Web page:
Osteoarthritis (OA) is the most common joint disorder. It is characterized by hyaline cartilage degeneration and subchondral bone hypertrophy within a joint but is a disease of the entire joint, involving cartilage, joint lining, ligaments, and bone. While once thought to be a “wear and tear” process, there is now evidence that a variety of factors, including proinflammatory mediators, underlie the clinical manifestations. OA exhibits a great variation in disease expression, as many individuals are completely asymptomatic, while others experience severe joint destruction with resultant pain and disability.
OA may be idiopathic or secondary, and multiple factors generally influence its development. Idiopathic OA may be genetically driven. Joint shape, mechanics, and joint trauma are also key contributing factors in the development of clinically apparent OA. Secondary forms may occur due to endocrine abnormalities (e.g., hypothyroidism, diabetes mellitus), other joint diseases (e.g., rheumatoid arthritis, gout, infection), and bone pathology (e.g., avascular necrosis, Paget’s disease).
OA begins with pain and joint stiffness that is typically worsened by joint use. Symptoms may or may not progress to include joint swelling and a limited range of motion. The condition most commonly affects weight-bearing joints (knee, hip, or vertebra). When the hands are involved, the distal interphalangeal (DIP) and the first carpometacarpal (CMC) joints are most commonly affected.
OA rarely affects the elbow, wrist, ankle, and temporomandibular joints.
Obesity. Knee and hip joints are particularly vulnerable in obese individuals. Excess weight puts stress on the knee, hip, ankle, and feet joints, as well as the lower spine.
Age. The incidence and prevalence of OA increase with age.
Female sex. Hand and knee OA is more common in females.
Occupation. Certain occupations, such as construction work and carpentry, increase the risk for osteoarthritis of the hands, hips, and knees.
Genetics. Twin studies indicate that up to 40% of OA risk may be due to genetic factors. However, the increased risk does not seem to follow typical patterns of Mendelian inheritance and is probably related to alterations in gene expression.
Trauma. Post-traumatic OA is common after a significant joint injury, such as knee meniscal or anterior cruciate ligament tear. Repetitive joint trauma presents a cumulative risk.
Congenital or acquired anatomical joint abnormality. Laxity of the knees or of other joints (e.g., being “double-jointed”), poor proprioception, and quadriceps weakness increase the risk of osteoarthritis of the knee. Osteoarthritis may also be more common in the context of some dysplasias (i.e., abnormal growths of bone and cartilage) and Paget's disease.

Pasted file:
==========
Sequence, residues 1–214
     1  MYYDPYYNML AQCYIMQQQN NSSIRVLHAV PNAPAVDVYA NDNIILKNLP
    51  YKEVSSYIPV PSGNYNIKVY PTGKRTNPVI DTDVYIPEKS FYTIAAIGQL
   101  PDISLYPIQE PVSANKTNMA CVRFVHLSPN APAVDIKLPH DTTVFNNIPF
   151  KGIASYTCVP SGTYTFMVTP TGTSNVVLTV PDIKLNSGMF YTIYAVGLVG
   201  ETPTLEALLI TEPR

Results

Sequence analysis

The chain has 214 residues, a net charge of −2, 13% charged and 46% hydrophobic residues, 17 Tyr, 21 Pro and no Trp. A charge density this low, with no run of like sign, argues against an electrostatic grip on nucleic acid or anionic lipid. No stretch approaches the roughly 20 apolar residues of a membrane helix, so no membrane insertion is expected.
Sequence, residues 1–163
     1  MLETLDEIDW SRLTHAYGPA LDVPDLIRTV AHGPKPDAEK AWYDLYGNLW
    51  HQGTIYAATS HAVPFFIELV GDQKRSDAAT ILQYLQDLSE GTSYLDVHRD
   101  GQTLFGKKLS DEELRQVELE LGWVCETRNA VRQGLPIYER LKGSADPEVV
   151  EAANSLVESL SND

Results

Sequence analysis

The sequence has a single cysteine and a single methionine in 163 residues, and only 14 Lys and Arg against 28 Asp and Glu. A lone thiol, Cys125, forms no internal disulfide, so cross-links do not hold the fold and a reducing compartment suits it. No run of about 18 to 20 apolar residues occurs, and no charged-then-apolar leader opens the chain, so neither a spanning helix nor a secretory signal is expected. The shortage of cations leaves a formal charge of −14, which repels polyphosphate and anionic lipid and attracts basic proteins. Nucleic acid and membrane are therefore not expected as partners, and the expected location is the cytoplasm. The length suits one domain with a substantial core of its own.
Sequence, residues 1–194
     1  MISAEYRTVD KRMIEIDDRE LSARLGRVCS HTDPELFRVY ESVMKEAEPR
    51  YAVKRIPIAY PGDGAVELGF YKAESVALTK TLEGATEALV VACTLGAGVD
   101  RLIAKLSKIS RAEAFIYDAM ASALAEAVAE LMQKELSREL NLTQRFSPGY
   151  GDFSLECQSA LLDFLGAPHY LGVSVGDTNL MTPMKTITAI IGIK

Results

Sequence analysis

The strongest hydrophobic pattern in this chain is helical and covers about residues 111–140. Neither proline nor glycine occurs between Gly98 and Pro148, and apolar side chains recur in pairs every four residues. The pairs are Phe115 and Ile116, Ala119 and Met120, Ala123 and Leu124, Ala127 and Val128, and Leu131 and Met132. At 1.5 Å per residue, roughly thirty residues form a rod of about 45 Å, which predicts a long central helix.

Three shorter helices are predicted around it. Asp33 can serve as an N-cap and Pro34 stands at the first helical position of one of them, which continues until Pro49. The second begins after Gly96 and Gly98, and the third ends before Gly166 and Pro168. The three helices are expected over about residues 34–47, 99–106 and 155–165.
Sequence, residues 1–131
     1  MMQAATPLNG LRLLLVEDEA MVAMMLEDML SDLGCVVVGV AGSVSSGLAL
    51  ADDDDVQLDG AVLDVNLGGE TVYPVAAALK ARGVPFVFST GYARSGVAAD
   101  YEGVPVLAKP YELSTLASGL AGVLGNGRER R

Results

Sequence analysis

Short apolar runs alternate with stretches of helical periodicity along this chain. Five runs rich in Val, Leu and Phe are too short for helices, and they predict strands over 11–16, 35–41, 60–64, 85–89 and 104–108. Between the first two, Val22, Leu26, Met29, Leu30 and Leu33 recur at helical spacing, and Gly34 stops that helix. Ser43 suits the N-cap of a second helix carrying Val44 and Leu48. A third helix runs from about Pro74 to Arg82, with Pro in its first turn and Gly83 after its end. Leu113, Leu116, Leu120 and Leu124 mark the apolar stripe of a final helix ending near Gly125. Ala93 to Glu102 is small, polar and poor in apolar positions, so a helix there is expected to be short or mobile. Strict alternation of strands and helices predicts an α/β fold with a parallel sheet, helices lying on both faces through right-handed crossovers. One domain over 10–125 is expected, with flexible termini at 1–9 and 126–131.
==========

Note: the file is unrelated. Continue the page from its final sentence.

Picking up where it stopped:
The diagnosis is based on history, physical examination, laboratory studies, and imaging. An atypical presentation warrants inquiry into a secondary cause.
OA is usually asymmetrical, but it can be bilateral in small joints. The following findings may be present on physical exam:
- Tender joint.
- Crepitus during joint motion.
- Bony enlargements, especially of the distal interphalangeal joints (Heberden nodes) and proximal interphalangeal joints (Bouchard nodes).
- Flexion contracture or varus deformity of the knee.
Joint effusion, if present, is mild and is not typically associated with signs of inflammation. However, a variant of OA termed “inflammatory osteoarthritis” may present with joint effusion, redness, warmth, and morning stiffness.
No lab test is specific for osteoarthritis. The presence of an abnormal erythrocyte sedimentation rate, rheumatoid factor, or > 2000 WBC/mm3 in a joint aspirate suggests that an inflammatory arthritis, rather than OA, should be considered.
Radiographic imaging of affected joints may reveal joint space narrowing, osteophytes, or subchondral bone sclerosis.
The choice of treatment depends partly on whether inflammation is present. Options include a supervised exercise/muscle-strengthening program, medication, and surgical intervention. Arthroscopy and joint replacement are usually reserved for patients with severe, functionally limiting disease.
Nonpharmacologic treatments, including low-impact exercise and physical therapy, may be sufficient for mild cases. Exercise can improve muscle strength, decrease joint pain and stiffness, and reduce the likelihood of disability. A physical therapist or occupational therapist can assist in developing an appropriate exercise plan and can recommend arthritis assistive devices, when needed. Weight loss and shoe inserts, braces, or splints may be helpful as well.
If, at any point, an individual develops recurrent joint swelling or does not respond to appropriate medical therapy, he or she should be evaluated for crystal arthroplasty and treated accordingly.
The first choice of treatment for non-inflammatory OA is oral acetaminophen. If acetaminophen is contraindicated or ineffective, then nonsteroidal anti-inflammatory (NSAIDs) medications can be used. Blood pressure should be monitored if NSAIDs are used on a regular basis. If suboptimal analgesia is attained with one NSAID at maximal dose, different NSAIDs should be tried, as some individuals respond differently to various NSAID options. It is important to monitor for symptoms of gastric ulcer and renal disease if using NSAIDs chronically. Gastroprotective agents, such as type 2 histamine receptor antagonists or proton pump inhibitors, should be initiated in any patient on chronic NSAID therapy. All NSAIDs increase risk for cardiovascular events and their use should be limited or avoided in those with known cardiovascular disease or multiple risk factors for a cardiovascular event.
Topical NSAIDs (diclofenac gel), topical lidocaine, or capsaicin cream can significantly reduce pain. Topical agents are useful in individuals who cannot tolerate oral acetaminophen or oral NSAIDs, or in those who wish to avoid joint injections.
COX-2 inhibitors may be considered in patients at higher risk for a gastrointestinal bleed. Like all NSAIDs, this class of medications increases cardiovascular risk, especially in patients who have coronary artery disease or heart failure.
Tramadol, another type of analgesic, may be combined with the above drugs.
Narcotics should be reserved for patients with short-term severe pain, in those whom other medications are contraindicated, or those who are unresponsive to the above therapeutics.
Duloxetine (Cymbalta). In 2010, the U.S. Food and Drug Administration approved the use of duloxetine (Cymbalta) for chronic musculoskeletal pain including that caused by OA. This oral medication is also is in use for other conditions, such as mood disorders, nerve pain, and fibromyalgia.